There are certain expenses you generally can’t charge on a credit card, like your rent or mortgage payment. And there are also expenses you can charge on a credit card, but shouldn’t — for example, school tuition, where you’ll generally be hit with a surcharge for going that route. But otherwise, it pays to put your other monthly and one-off expenses (like vacations) on your credit cards. Here’s why.
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1. You’ll score more cash back
The great thing about credit cards is that they reward you for making purchases. The more items you charge, the more cash back you can accrue. So it’s especially worthwhile to charge expenses that offer this perk. For example, some of the best cash back credit cards give you 2x or 3x reward points for gas fill-ups, restaurant meals, or other specific purchases.
2. You can better track your spending
When you pay for some of your expenses in cash, it can be difficult to remember how much you’re spending in each category from week to week. The great thing about putting most of your expenses on credit cards is that you’ll have an easy way to track your spending. Not sure how much you plunked down on entertainment last week? Just check your credit card statement. Keeping tabs on your spending could not only help you avoid going overboard, but also make it easier for you to set up and stick to a budget.
3. You can build credit
The more you use your credit cards, the more opportunity you’ll have to build credit. When you pay for purchases in cash, there’s no record of them, whereas your credit card payments are recorded on your credit report. And if you’re timely with those payments, your credit score will rise over time.
How to use your credit cards wisely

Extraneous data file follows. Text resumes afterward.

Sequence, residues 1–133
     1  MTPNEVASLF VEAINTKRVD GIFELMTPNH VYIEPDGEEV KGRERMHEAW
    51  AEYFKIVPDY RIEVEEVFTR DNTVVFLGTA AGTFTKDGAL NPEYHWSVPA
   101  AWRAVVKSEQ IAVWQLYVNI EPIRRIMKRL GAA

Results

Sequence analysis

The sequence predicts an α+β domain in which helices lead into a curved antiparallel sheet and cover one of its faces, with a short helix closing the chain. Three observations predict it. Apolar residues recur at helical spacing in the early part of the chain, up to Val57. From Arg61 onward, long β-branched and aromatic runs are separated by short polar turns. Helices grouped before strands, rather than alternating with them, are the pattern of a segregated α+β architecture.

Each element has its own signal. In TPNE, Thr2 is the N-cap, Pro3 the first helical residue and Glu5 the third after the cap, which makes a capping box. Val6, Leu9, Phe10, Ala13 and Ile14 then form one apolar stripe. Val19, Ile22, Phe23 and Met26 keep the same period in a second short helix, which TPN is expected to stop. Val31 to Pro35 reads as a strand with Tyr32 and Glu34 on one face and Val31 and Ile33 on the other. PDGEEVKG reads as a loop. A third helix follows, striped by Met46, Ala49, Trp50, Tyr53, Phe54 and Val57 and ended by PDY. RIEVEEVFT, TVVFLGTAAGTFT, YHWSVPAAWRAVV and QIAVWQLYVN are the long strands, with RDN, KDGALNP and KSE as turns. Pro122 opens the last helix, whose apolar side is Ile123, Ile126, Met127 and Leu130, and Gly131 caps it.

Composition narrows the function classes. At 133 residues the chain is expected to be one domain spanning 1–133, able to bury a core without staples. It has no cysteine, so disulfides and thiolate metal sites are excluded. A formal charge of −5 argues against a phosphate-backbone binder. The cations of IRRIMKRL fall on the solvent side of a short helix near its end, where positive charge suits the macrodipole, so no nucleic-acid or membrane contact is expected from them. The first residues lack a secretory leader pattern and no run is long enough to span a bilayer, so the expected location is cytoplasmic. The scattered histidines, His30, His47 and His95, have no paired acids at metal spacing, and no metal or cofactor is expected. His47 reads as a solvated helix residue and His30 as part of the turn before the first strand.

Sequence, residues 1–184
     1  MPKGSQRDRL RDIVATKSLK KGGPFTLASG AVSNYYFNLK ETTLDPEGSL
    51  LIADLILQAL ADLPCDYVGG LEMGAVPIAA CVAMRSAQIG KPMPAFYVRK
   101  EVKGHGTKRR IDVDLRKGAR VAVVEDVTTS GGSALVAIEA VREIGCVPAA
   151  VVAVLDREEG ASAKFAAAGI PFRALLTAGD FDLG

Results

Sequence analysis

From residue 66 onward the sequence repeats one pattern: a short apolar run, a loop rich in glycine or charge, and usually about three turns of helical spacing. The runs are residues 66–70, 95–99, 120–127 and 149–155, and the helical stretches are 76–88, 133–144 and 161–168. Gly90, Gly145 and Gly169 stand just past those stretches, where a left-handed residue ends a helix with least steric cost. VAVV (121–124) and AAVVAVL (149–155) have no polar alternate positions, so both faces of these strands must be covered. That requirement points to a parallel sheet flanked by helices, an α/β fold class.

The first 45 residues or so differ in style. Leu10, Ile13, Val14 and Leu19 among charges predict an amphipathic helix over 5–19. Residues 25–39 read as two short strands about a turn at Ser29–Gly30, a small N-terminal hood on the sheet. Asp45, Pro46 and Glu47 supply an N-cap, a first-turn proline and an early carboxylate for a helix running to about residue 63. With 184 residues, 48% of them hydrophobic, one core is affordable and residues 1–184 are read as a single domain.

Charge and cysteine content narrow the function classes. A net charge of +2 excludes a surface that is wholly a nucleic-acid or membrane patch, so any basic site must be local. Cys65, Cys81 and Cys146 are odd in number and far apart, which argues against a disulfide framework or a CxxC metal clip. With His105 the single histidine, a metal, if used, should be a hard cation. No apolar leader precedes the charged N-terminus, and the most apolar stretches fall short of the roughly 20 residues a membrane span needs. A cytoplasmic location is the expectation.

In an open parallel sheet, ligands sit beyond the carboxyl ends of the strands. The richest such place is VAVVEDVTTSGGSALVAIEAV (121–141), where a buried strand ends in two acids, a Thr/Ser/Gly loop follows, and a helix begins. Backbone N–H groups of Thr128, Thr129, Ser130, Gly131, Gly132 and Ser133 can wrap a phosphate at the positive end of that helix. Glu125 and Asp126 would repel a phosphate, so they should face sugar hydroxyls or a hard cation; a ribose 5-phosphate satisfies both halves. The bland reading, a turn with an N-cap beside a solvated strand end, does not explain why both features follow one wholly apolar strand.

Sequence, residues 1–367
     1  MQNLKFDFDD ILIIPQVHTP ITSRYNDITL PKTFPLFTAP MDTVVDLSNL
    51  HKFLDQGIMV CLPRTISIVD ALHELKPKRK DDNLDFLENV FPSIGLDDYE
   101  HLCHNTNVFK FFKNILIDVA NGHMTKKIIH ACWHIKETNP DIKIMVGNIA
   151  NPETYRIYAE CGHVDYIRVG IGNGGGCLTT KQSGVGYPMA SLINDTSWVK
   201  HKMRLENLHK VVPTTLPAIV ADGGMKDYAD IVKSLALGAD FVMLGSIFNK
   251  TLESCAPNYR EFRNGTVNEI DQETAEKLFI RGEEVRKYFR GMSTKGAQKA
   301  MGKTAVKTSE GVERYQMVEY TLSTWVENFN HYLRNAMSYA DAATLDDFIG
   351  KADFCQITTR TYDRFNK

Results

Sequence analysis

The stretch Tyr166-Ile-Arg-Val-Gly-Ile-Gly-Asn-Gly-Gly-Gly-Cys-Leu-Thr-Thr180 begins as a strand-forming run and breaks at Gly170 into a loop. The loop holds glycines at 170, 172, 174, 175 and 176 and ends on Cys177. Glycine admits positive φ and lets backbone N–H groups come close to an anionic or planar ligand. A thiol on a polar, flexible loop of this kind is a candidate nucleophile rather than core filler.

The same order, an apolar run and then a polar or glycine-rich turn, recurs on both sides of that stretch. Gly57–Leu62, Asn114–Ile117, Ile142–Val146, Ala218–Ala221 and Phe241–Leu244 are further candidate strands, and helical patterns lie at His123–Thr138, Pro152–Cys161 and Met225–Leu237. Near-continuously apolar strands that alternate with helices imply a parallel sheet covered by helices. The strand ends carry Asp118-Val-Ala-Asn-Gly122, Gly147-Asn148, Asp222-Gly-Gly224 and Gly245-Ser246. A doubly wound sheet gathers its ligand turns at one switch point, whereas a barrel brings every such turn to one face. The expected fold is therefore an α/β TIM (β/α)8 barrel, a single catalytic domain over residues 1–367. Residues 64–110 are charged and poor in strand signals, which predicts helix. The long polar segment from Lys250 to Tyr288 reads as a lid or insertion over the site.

Charging most of your expenses on credit cards is a good idea in theory — but it can also backfire. If you charge up too much of a storm, you may not manage to pay your credit card bills in full by the time they come due. That means you’ll risk racking up costly interest charges and falling behind on your payments, which would hurt your credit score instead of helping it.
To avoid that, set up a budget to follow so you know how much you can afford to spend in specific categories — and how much you can afford to spend on a monthly basis. At the same time, make a point to check your credit card balances once a week. That way, you’ll have an opportunity to cut back on spending if you see your balances creeping up toward an uncomfortably high level.
It’s never a good idea to overspend on your credit cards and land yourself in debt as a result. But if you can manage your spending wisely, then putting most of your bills on your credit cards could help you score more cash back, better manage your money, and establish a credit history that buys you more affordable borrowing opportunities down the line.
View more information: https://www.fool.com/the-ascent/credit-cards/articles/3-reasons-to-put-almost-all-of-your-expenses-on-a-credit-card/